Especially for leaders, having a high emotional quotient is essential for success. For example, self-awareness helps leaders determine if a decision is being made because of personal bias or interest. Leaders with a high EQ will see things as they really are and make more sound decisions. In the same vein, leaders with high EQ will also be able to make assessments of how, for example, any good or bad news may impact other members of the organization, allowing him or her to develop a strategy for others to maintain or even improve productivity levels regardless of what’s happening in the background. A leader with a high EQ is also a means of support for others he or she works, allowing for a better state of mind and larger contributions to the organization. It’s a win-win thing, actually.
According to international psychologist Daniel Goleman, even in young children, teaching them social and emotional intelligence resulted in a significant improvement in several facets of their school life. They saw improvement in grades and academic accomplishments, as well as lower incidents of misbehavior and other disciplinary issues. They also tended to come to school more often.
Having a high emotional quotient helps leaders have a better and more accurate grasp of situations, as well as the people involved in them.
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Developing a high emotional quotient
So how is a high EQ developed? Can it really be developed in the first place?
The short of it is “Yes”. One thing you should practice is to pause and think about things for a bit. Don’t always be in a rush, assess the situation, and then make a decision. People with a high EQ also seek to control their thoughts, filtering out distractions and learning to focus on the task at hand.
Assess how you feel
Self-awareness can be developed and improved. Take the time to assess what your emotional strengths and weaknesses are, and try to determine if and how your emotional state affects the way you make decisions. Also ask yourself if and how the expressions and emotions you show on the surface affect others and their own decision-making.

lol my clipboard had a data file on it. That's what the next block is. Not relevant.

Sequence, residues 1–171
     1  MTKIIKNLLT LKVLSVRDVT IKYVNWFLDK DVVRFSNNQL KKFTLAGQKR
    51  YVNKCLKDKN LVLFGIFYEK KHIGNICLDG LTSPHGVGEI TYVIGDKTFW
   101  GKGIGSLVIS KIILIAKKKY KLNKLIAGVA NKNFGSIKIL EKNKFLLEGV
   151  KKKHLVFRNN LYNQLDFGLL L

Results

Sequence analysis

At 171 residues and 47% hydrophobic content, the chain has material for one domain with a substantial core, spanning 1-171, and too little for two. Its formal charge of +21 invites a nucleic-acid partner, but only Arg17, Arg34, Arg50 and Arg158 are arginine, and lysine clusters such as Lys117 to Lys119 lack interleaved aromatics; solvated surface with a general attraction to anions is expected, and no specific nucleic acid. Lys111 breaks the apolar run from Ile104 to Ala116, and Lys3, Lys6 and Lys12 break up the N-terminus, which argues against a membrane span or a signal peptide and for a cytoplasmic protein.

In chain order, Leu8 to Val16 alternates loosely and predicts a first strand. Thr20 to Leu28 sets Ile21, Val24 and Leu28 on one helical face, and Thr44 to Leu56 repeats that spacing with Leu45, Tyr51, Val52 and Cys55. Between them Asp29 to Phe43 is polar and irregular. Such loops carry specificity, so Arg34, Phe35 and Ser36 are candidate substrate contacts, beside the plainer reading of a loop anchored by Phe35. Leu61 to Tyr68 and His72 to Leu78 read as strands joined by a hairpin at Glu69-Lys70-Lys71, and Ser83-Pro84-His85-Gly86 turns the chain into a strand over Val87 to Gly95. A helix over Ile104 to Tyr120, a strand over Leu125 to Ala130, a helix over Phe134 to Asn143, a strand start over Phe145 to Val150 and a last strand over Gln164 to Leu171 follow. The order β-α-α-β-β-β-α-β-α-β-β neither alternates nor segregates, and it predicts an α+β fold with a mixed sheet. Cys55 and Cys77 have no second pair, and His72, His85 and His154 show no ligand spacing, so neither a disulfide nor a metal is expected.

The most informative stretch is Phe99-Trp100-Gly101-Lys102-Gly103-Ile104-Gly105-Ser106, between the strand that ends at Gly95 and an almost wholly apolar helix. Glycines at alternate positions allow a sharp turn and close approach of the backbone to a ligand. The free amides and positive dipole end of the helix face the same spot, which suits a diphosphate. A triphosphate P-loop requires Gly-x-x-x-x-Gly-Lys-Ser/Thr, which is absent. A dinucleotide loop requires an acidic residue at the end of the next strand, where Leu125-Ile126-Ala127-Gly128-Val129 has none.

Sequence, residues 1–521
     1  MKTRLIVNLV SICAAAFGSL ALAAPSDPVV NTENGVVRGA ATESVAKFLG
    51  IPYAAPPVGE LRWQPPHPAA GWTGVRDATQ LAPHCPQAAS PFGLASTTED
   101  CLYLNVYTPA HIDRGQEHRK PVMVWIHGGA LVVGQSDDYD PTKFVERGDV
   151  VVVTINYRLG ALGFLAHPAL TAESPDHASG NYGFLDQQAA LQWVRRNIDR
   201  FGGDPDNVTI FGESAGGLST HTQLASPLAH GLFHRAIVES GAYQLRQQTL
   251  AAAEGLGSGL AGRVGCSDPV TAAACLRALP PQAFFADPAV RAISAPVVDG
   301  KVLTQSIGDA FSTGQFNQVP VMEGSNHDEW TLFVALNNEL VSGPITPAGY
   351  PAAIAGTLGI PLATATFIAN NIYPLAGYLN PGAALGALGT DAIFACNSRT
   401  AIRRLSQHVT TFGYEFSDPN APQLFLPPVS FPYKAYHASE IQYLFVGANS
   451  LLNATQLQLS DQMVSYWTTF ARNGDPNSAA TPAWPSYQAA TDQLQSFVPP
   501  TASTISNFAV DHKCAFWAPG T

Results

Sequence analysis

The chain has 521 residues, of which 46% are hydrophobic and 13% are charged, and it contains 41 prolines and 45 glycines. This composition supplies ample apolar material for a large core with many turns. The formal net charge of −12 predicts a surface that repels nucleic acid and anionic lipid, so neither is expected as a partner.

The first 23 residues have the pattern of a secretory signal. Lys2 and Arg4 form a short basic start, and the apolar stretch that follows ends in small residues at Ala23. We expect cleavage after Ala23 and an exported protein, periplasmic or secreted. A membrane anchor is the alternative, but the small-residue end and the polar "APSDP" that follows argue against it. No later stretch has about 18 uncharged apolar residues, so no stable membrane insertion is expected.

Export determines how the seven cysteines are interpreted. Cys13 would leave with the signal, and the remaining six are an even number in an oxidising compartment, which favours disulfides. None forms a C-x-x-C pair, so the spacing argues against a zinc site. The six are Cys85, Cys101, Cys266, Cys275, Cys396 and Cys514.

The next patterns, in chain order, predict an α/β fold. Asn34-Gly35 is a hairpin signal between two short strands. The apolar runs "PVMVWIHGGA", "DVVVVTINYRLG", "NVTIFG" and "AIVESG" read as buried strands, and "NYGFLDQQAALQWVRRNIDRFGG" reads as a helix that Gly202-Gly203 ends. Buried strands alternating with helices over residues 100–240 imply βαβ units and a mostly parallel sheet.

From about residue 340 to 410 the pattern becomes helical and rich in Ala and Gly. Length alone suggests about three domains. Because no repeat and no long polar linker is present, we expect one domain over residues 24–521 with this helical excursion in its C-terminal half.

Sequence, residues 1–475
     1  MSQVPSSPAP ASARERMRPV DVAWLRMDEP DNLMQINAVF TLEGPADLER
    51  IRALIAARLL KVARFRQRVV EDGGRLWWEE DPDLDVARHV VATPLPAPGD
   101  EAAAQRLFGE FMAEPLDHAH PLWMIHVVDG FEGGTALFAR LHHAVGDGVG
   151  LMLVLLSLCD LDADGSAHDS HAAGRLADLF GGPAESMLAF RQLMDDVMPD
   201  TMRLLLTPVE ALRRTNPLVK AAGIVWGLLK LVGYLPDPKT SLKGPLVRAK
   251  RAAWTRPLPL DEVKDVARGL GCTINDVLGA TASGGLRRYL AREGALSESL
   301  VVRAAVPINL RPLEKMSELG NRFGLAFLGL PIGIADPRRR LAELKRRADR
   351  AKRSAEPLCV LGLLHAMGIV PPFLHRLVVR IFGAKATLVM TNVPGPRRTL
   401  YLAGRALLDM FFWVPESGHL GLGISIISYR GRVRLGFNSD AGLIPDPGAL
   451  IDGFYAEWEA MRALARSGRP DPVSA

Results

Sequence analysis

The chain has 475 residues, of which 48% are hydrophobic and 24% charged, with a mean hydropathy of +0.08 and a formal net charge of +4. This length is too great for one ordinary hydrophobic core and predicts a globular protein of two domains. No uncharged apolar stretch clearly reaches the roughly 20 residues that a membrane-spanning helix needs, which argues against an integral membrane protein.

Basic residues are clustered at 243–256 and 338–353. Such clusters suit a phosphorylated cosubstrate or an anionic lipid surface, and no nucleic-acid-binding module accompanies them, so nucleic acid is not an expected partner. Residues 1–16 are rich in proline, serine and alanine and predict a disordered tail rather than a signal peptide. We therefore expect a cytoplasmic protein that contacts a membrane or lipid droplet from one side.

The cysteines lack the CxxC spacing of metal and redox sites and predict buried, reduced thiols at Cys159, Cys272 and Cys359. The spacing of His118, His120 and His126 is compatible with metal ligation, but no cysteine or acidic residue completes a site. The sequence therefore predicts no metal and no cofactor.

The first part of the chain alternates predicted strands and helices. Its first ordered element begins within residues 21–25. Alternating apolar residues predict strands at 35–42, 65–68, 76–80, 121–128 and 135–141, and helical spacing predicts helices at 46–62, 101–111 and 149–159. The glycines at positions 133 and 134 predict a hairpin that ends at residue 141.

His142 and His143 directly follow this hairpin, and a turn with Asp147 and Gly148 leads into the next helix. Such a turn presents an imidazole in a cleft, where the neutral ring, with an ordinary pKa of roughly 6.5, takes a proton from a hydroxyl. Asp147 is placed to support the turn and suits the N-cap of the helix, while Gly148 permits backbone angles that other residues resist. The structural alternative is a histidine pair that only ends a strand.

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Take a step back
This simply means take a bit of time to just stop and take things in. Pause and reflect. Don’t be too hasty in making decisions and try to take a good measure of things. Remember that sometimes the best course of action is doing nothing.
Exercise some thought-control
The way you think affects the way you feel and what you do, so if you think exercising some control over what you’re thinking is a pointless exercise, think again. And while you often cannot control what emotions you feel at a given moment, the way you react and respond to them is something you have control over. Thought-control also helps you dissociate yourself from harmful and negative emotions, allowing you to make sounder, more objective decisions.
Don’t shy away from criticism
Criticism has gotten a bad rep in recent years, thanks to people who are all about just having “good vibes”. And criticism is something that’s definitely a good vibes killer.
But the thing about real criticism is that it can help you. Sure, it usually points to something negative, but that also means you know what needs to be changed (some critics will even be as kind to suggest how you can change). There is no growth in a bubble filled with back-patters and people who only know how to congratulate you. Welcoming criticism means seeing a path to self and even organizational growth and development. In organizations, this means listening to customer concerns and understanding what they want — something that time, research and bottom lines have shown to be a successful approach to take.
In the same vein, you also know how to give feedback of your own — constructive, helpful, insightful, and honest. Your goal is not to deliver a put down, but to help develop others.
Be sincere and authentic
This means sticking to your values and principles, even when push comes to shove. Take note, there’s a difference between being authentic and sincere and being frank and tactless. In fact, having a high EQ means that you know what to say at the right time, in the right way and at the right place — and that’s while keeping true to yourself and being truthful.
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Focusing on the right things
Having a developed and mature emotional quotient is an essential key to success. It’s about focusing on the right things and removing the unnecessary. This is why tools like Runrun.it’s Smart Time Tracking does all the work for you, providing timekeeping records, and other related data, allowing you to focus on what’s truly important in developing yourself and your organization. You’ll be able to track project progress, and how people are managing their time.
This in turn can help you step in to provide help and support when needed, and reallocating resources to other endeavors. The dashboard feature gives you access to a customized suite of other workflow management and task tracking tools that will help with better organizing and managing your business. To see how Runrun.it’s tools can work for you, try out the free trial here.